Ryan Morrissey is a serial founder of software companies, having already launched three separate startups. Yet when he sold one of those companies, he had to sign an agreement to not start any more for a while.
In the end, after he left 8×8 Inc.
the company that acquired his startup, he had to wait at least 18 months before he could start another company even after modifications to the agreement.
“I think you should be able to go wherever you want,” Morrissey said, although he did express concerns about possible trade-secrets risks and companies poaching entire teams of workers. But he said as an entrepreneur, “the only thing I can do is hire people who are ethical.”
“It’s akin to robbing a gas station,” he said, explaining that a “no-rob agreement” isn’t going to stop that type of unethical conduct.
Morrissey’s experience illustrates the impetus for the Federal Trade Commission’s proposed rules banning noncompete clauses, which the agency published this week. The rules would prohibit companies from asking workers to sign noncompete clauses, which among other things limit or delay workers from starting competing businesses or jumping to rival companies.
“Noncompetes block workers from freely switching jobs, depriving them of higher wages and better working conditions, and depriving businesses of a talent pool that they need to build and expand,” FTC Chair Lina Khan said in a news release Thursday, in which the agency said the ban could boost wages and expand opportunities for 30 million Americans.
The proposed ban would apply across all industries and income levels, but could have the biggest impact on the tech industry. Such agreements are widely used by tech companies that say they need them to protect trade secrets and intellectual property, and they sometimes go further: Some of the largest tech companies in the world — including Apple Inc.
and Intel Corp.
— have settled antitrust charges and a class-action lawsuit accusing them of collaborating to not poach each other’s employees.
Noncompete agreements are supposed to be unenforceable in California, where those Silicon Valley companies are based, but tech workers say they have still had to agree to noncompete agreements. Companies say they are necessary to protect their trade secrets.
“Noncompete clauses are one way of protecting innovation returns,” said Aurelien Portuese, co-director of the Schumpeter Project on Competition Policy at the Information Technology & Innovation Foundation, a Washington, D.C.-based think tank whose funders include giant tech companies such as Amazon.com Inc.
Apple, Google and Facebook.
He called the FTC proposal “problematic legally and economically speaking.”
Sandeep Vaheesan, legal director of the Open Markets Institute, a left-leaning think tank in Washington, D.C., disagrees. In 2019, Open Markets helped lead an effort — along with labor unions and other groups — to urge the FTC to propose the rules to ban noncompetes.
“A lot of innovation depends on openness,” Vaheesan said. “Locking up [too much] information prevents that.”
Not all tech industry workers start companies and sell them, like Morrissey. Noncompete clauses can limit employees’ ability to make a living in an industry in which they have expertise, as leaving one company under a noncompete could keep them out of that industry for a prescribed period.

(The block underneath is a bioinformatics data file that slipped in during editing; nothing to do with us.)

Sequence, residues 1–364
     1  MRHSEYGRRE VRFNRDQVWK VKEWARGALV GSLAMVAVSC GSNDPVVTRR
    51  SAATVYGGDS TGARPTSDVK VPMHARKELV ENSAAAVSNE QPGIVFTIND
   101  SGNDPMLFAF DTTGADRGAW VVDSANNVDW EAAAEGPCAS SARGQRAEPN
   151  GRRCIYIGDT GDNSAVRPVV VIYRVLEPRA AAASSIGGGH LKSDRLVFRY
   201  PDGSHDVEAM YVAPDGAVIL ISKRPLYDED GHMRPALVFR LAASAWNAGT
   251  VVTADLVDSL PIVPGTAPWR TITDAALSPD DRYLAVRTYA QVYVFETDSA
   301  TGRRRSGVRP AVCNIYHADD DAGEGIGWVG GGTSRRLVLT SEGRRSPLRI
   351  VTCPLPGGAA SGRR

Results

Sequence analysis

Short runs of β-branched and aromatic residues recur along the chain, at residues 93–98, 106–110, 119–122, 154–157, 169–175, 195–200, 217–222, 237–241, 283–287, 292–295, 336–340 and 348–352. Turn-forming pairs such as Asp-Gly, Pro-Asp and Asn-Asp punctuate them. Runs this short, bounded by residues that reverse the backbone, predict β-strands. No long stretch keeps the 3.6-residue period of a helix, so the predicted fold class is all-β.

“Even highly educated employees making six figures have little or no ability to negotiate or resist these contracts,” Vaheesan said.
The public has 60 days from publication of the proposed rule-making, which was Thursday, to submit comments to the FTC about the proposal. The agency already has more than 300 public comments on the issue, from when it held a workshop in 2019 to consider proposing the rules.
Plenty of comments slam noncompetes as harmful to individual workers and to American competitiveness — including an anonymously submitted comment that mentions a fundamental part of Silicon Valley tech history: the birth of what would become one of the world’s top chip makers because some engineers left one company to form other companies, including Fairchild Semiconductor, and later Intel.
“Famously, Intel wouldn’t have happened if Shockley Semiconductor had a noncompete,” the commenter wrote. (Shockley eventually went defunct, which some might say is an argument for noncompetes.)
Portuese of the ITIF, who opposes the proposed rules, also said the FTC overreaches by pre-empting states’ jurisdictions on the matter.
But proponents of the ban include 20 state attorneys general, who said in a 2020 letter submitted to the FTC that harms of noncompete agreements “do not stop at state lines” because labor markets can have overlapping borders. Plus the AGs and others say companies that wish to protect their trade secrets have plenty of other legal tools at their disposal, including trade-secrets laws.
The FTC, which currently has four commissioners, voted 3 to 1 to release the proposed rules. In her dissent, Commissioner Christine Wilson called the proposed rules “a radical departure from hundreds of years of legal precedent” and said noncompetes “merit fact-specific inquiry” and “constitute an inappropriate subject for rule-making.”
The agency will review public comments and possibly make changes before finalizing the rules, which would take effect 180 days after they are published. Both proponents and opponents of the proposed ban expect legal challenges, so it could take years for any changes to be implemented.